Recently we brought you Scoop Essentials: Inside The World Of Siblings, a conversation about what it means to be the sibling of a person with a developmental disability.

Now, Don Meyer, director of the Sibling Support Project answers your questions about how to promote positive sibling interactions and what to do when resentment creeps into the sibling dynamic.

My 16-year-old son (gifted/ADHD) is filled with anger and resentment toward his 11-year-old brother who has a co-morbid dx of bipolar, ADHD, GAD, SID, learning disabilities and most recently Asperger’s. While my special needs child may be 11, he is more like a 6 or 7-year-old. No matter how much progress he has made my 16-year-old has no tolerance for him. He is his biggest trigger! I tried last year to get him some therapy but the therapist was not a match and now he refuses to speak with anyone. I realize my 16-year-old has been through hell and back with me and his brother but feel there has to be something more I can do. Any suggestions? — Stacy, 48

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Don Meyer: Seeking out a therapist was a good idea and it was too bad that is was not a good fit. As your son is 16, he might like “The Sibling Slam Book” which was written with the help of 80 teen sibs from four countries. If you do get the book, I strongly suggest that you do not plop it in his lap. Instead, discretely place it somewhere in your home where he can discover it on his own. I also think it would be good idea to pick up the book “How to Talk So Teens Will Listen and Listen So Teens Will Talk” by Adele Faber and Elaine Mazlich. It’s a great crash course in active listening. Finally, when the time is right, your son might want to join SibNet on Facebook. He’ll find other teen sibs and a great, nonjudgmental community of people who get it. And maybe, just maybe, he’ll be open to visiting with a therapist again someday — preferably someone who understands sibs’ unique issues.

My 10-year-old son has high-functioning autism. His 4-year-old little brother absolutely idolizes him. This poses two problems. First, my 10-year-old is fairly rigid in his play and doesn’t accept much variance in routine, which causes the 4-year-old to feel left out of the decision making. If the 10-year-old doesn’t like something, he just quits playing, breaking the 4-year-old’s heart. Secondly, the 4-year-old mimics his big brother, which is normal, but the behaviors he mimics are definitely not neurotypical behaviors (i.e. walking in circles, repetitive phrasing, hand flapping, etc.). It makes me feel uncomfortable to see him mimic these behaviors. The 4-year-old is definitely not autistic. I am not ashamed of my autistic child, nor do I want his little brother to be. Do I simply let the 4-year-old mimic his hero, or should I try to stop it? — Amy, 36, Gettysburg, S.D.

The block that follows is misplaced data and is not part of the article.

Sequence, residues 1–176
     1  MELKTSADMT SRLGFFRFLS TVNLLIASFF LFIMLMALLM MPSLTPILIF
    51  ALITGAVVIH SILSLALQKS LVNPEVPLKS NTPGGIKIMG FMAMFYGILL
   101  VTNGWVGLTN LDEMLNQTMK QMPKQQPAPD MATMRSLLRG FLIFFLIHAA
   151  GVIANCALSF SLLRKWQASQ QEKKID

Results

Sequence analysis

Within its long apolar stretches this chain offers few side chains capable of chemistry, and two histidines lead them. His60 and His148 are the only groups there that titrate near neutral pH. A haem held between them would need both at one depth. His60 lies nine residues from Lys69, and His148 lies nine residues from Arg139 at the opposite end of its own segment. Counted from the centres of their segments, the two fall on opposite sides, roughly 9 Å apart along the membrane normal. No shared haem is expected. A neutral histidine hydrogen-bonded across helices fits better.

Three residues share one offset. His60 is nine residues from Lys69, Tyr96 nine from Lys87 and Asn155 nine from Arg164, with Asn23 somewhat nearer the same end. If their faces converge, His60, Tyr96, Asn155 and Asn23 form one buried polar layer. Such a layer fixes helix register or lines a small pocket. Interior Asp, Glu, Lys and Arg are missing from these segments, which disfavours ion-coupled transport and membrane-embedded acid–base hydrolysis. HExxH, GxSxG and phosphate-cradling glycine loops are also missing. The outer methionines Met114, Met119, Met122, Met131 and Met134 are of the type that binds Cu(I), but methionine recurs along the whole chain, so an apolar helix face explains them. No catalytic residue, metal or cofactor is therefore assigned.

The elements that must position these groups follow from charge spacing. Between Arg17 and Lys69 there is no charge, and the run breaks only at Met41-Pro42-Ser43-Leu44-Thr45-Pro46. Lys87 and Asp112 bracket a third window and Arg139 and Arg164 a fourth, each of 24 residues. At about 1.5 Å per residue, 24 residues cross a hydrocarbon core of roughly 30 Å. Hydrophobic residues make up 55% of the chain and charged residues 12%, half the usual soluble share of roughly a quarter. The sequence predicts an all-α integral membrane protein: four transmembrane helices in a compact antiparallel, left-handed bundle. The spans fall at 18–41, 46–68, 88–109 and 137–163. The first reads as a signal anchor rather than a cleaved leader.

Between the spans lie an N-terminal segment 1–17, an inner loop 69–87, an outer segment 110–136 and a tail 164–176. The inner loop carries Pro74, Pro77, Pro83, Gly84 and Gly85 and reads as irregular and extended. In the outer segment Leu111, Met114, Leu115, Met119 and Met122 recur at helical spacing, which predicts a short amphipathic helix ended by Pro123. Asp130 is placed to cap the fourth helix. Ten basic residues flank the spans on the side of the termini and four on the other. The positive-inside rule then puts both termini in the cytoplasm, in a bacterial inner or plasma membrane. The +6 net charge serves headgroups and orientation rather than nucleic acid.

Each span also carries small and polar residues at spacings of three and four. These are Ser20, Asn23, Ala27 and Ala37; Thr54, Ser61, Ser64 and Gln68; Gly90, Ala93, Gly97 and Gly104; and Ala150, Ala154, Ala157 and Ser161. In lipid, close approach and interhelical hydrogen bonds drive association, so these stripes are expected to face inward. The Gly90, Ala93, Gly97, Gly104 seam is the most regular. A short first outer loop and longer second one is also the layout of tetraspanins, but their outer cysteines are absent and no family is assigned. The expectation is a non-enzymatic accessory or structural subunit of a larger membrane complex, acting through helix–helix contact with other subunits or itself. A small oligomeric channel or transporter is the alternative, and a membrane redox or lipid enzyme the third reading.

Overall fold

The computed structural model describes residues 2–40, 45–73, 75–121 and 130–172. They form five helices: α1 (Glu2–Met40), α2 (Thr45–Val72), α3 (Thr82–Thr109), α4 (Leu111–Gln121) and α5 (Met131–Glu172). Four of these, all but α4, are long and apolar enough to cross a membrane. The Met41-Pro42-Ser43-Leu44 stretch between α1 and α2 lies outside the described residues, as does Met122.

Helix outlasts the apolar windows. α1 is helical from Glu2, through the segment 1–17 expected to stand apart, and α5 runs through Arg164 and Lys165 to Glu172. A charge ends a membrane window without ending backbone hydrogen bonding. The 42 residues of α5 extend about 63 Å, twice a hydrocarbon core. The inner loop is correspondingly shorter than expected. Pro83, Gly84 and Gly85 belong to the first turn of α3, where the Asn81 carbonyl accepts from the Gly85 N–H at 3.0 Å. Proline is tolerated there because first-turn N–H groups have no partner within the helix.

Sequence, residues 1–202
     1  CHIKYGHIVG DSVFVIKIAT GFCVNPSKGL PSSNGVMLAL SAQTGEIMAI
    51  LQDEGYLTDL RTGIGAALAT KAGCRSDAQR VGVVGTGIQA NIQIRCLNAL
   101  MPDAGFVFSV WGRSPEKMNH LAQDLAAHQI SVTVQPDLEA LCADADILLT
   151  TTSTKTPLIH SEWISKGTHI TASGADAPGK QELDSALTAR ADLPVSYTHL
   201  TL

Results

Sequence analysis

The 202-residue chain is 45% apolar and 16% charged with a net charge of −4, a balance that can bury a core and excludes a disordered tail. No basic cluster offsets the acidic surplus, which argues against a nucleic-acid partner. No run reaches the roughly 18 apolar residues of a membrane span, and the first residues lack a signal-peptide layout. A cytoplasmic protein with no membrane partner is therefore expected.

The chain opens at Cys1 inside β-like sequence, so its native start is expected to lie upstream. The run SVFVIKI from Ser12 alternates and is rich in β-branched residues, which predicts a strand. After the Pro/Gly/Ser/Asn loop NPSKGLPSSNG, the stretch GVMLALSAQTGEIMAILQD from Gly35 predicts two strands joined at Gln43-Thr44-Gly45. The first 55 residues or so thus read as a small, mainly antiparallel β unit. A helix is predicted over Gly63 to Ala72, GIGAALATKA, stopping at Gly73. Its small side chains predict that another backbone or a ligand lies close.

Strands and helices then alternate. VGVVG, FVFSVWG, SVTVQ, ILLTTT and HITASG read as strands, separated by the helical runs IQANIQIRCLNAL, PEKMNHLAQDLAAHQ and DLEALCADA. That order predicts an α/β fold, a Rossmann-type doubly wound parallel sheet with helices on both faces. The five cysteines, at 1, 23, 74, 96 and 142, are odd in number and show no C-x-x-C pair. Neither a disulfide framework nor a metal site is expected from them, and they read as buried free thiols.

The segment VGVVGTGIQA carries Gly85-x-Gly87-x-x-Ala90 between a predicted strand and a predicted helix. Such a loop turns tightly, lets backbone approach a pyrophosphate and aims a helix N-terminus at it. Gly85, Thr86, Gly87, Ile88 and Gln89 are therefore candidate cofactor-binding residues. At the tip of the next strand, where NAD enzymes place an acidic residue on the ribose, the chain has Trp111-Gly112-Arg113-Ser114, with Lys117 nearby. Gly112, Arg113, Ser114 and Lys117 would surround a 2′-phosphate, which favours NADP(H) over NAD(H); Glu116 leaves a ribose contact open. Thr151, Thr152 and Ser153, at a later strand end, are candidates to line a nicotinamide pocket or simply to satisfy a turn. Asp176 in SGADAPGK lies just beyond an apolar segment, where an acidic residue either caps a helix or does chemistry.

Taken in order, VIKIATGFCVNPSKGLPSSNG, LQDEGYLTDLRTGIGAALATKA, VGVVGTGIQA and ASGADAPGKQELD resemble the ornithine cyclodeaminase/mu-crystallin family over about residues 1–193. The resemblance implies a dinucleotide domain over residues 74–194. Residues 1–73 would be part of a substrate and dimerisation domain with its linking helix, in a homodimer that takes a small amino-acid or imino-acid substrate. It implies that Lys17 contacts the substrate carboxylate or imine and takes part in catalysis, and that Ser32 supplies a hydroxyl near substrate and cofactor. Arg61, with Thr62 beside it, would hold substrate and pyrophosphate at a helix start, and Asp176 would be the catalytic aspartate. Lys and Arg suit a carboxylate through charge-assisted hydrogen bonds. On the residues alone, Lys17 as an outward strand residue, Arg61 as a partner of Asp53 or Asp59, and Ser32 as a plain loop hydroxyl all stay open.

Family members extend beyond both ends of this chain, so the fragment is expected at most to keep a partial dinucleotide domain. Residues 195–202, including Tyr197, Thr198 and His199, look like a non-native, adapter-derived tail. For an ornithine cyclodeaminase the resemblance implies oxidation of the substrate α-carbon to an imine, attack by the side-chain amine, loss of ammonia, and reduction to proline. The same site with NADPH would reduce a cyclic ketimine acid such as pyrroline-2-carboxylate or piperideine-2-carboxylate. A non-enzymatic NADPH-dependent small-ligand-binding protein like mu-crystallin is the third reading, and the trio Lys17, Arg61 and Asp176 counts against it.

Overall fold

Don Meyer: Do you acknowledge to your 4-year-old that your 10-year-old has autism? I don’t think we do anyone any favors by withholding information about a sibling’s disability. Just as parents don’t wait until a child is 12 before letting them know they were adopted, I think knowledge of a disability is something sibs should grow up with. A 4-year-old’s understanding of a disability will represent differences in routine and behavior. Consequently, for a 4-year-old sib, the working definition of cerebral palsy might be “cerebral palsy means that the lady comes to your house with the big ball and you roll on it and you learn how to walk.” Or autism might mean “autism means you like Thomas the Tank Engine a lot and you don’t look people in the eye and you like to line your cars up in a row.” And, for 4-year-olds, this is probably ok. It gives a foundation for a better understanding as everyone grows up. You might say to your 4-year-old, “Peter’s doing that because he has autism. Some people with autism have a hard time letting others make suggestions.” Or, “some people with autism flap their hands.” And, in a matter of fact, no-big-deal way, discuss that although “Peter” has autism, he doesn’t have it — just like Mommy and Daddy and his friend Tony don’t have autism. Finally, don’t worry too much about his copying his brother’s behaviors. Many sibs have reported “trying on” their sibs’ behaviors at some point and are no worse for having done so!

I have three children, two boys (ages 9 and 5) and a daughter (21 months) who has Down syndrome. I want to know what the typical pitfalls that parents do that alienate or estrange their typical children when there is a sibling with special needs. So far I haven’t seen any problems, but I want to know what types of things to either “avoid” or to be sure that I “do” to ensure that all three children feel equally important. — Jeanette Holahan, 37, Leander, Texas

Don Meyer: Your question is a wise one! May I recommend “What Siblings Would Like Parents and Service Providers to Know“? Written with the help of members of SibNet, our adult sibling Yahoo group, this document contains great advice. I would also encourage you to read books by sibs of all ages. You can find a list on our Web site. Your 9-year-old is the perfect age for a Sibshop! You can learn more about this lively programs for school age sibs on our Web site.

Read all of Disability Scoop’s original series Scoop Essentials. Your Life. Your Issues. Your World.